• #### 3 numbers... A, B, C (in geometric progression)

From henhanna@gmail.com@21:1/5 to All on Sun Jun 19 10:13:30 2022
3 numbers... A, B, C (in geometric progression)

that is... A:B = B:C

such that the 3 differences are all squares.

Are there 5 such triples ?

Are there MANY such triples ?

--- SoupGate-Win32 v1.05
* Origin: fsxNet Usenet Gateway (21:1/5)
• From Edward Murphy@21:1/5 to henh...@gmail.com on Sun Jun 19 17:45:43 2022
On 6/19/2022 10:13 AM, henh...@gmail.com wrote:

3 numbers... A, B, C (in geometric progression)

that is... A:B = B:C

such that the 3 differences are all squares.

Are there 5 such triples ?

Are there MANY such triples ?

[spoiler space]

The numbers are (for some integer x)
a
b = ax
c = ax^2
so the differences are
b - a = a(x-1)
c - a = a(x^2-1) = a(x+1)(x-1)
c - b = ax(x-1)

Divide all three by a(x-1), which must be a square, and note that one
square divided by another square must be a square:
1
x+1
x
The only integer x where x and x+1 are both squares is 0, which would
lead to (a, 0, 0), and the ratio 0/0 is indeterminate. So there are
no such triples.

Maybe "x is an integer" is an incorrect assumption; consider x = y/z
and a = w*z^2 (y, z, w) are all integers. But I'll leave that for
someone else to finish working out.

--- SoupGate-Win32 v1.05
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• From henhanna@gmail.com@21:1/5 to Edward Murphy on Sun Jun 19 17:54:14 2022
On Sunday, June 19, 2022 at 5:45:51 PM UTC-7, Edward Murphy wrote:
On 6/19/2022 10:13 AM, henh...@gmail.com wrote:

3 numbers... A, B, C (in geometric progression)

that is... A:B = B:C

such that the 3 differences are all squares.

Are there 5 such triples ?

Are there MANY such triples ?
[spoiler space]

The numbers are (for some integer x)
a
b = ax
c = ax^2
so the differences are
b - a = a(x-1)
c - a = a(x^2-1) = a(x+1)(x-1)
c - b = ax(x-1)

Divide all three by a(x-1), which must be a square, and note that one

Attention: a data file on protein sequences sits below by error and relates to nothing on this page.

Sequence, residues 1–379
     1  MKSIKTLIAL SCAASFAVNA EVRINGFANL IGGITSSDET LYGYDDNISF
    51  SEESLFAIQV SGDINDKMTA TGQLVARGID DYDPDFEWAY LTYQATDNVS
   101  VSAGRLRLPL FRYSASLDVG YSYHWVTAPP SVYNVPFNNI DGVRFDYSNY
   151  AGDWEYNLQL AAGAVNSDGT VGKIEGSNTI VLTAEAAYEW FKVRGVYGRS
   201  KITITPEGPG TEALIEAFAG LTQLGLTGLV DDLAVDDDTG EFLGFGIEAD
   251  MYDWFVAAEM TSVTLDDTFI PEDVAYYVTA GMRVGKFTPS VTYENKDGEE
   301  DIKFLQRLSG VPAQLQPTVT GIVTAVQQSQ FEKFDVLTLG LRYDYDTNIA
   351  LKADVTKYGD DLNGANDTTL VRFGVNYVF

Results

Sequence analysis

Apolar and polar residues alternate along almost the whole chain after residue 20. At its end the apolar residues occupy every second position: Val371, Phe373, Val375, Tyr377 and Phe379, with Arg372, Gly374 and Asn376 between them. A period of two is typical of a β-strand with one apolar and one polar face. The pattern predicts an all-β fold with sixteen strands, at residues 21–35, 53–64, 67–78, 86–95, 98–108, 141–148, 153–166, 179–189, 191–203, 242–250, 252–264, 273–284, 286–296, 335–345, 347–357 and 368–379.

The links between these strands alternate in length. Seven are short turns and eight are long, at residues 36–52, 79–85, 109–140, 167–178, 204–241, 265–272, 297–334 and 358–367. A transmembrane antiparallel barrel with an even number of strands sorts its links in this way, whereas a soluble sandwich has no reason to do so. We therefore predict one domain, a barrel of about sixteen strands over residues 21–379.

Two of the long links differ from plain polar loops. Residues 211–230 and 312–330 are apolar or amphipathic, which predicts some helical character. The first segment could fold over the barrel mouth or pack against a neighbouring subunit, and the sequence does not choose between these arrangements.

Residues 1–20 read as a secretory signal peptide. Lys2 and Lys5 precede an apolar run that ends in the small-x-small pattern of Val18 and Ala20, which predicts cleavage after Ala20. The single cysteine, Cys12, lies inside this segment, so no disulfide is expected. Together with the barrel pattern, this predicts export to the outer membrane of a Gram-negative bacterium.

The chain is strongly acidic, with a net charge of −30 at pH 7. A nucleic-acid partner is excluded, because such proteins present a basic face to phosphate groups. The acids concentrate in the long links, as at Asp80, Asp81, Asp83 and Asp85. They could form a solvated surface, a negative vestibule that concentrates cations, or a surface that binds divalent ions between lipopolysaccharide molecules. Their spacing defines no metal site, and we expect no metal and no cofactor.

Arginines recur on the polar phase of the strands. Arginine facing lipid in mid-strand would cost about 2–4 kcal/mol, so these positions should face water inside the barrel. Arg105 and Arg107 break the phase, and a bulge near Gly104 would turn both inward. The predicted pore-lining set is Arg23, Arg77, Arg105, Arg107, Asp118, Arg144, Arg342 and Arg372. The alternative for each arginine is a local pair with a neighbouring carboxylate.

square divided by another square must be a square:
1
x+1
x
The only integer x where x and x+1 are both squares is 0, which would
lead to (a, 0, 0), and the ratio 0/0 is indeterminate. So there are
no such triples.

Maybe "x is an integer" is an incorrect assumption; consider x = y/z
and a = w*z^2 (y, z, w) are all integers. But I'll leave that for
someone else to finish working out.

( 567, 1008, 1792 )

the 3 diff.'s are : 441, 784, 1225

-------- Are there 5 such triples ?

------ Are there MANY such triples ?

--- SoupGate-Win32 v1.05
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• From Edward Murphy@21:1/5 to henh...@gmail.com on Sun Jun 19 18:08:50 2022
On 6/19/2022 5:54 PM, henh...@gmail.com wrote:

On Sunday, June 19, 2022 at 5:45:51 PM UTC-7, Edward Murphy wrote:
On 6/19/2022 10:13 AM, henh...@gmail.com wrote:

3 numbers... A, B, C (in geometric progression)

that is... A:B = B:C

such that the 3 differences are all squares.

Are there 5 such triples ?

Are there MANY such triples ?
[spoiler space]

The numbers are (for some integer x)
a
b = ax
c = ax^2
so the differences are
b - a = a(x-1)
c - a = a(x^2-1) = a(x+1)(x-1)
c - b = ax(x-1)

Divide all three by a(x-1), which must be a square, and note that one
square divided by another square must be a square:
1
x+1
x
The only integer x where x and x+1 are both squares is 0, which would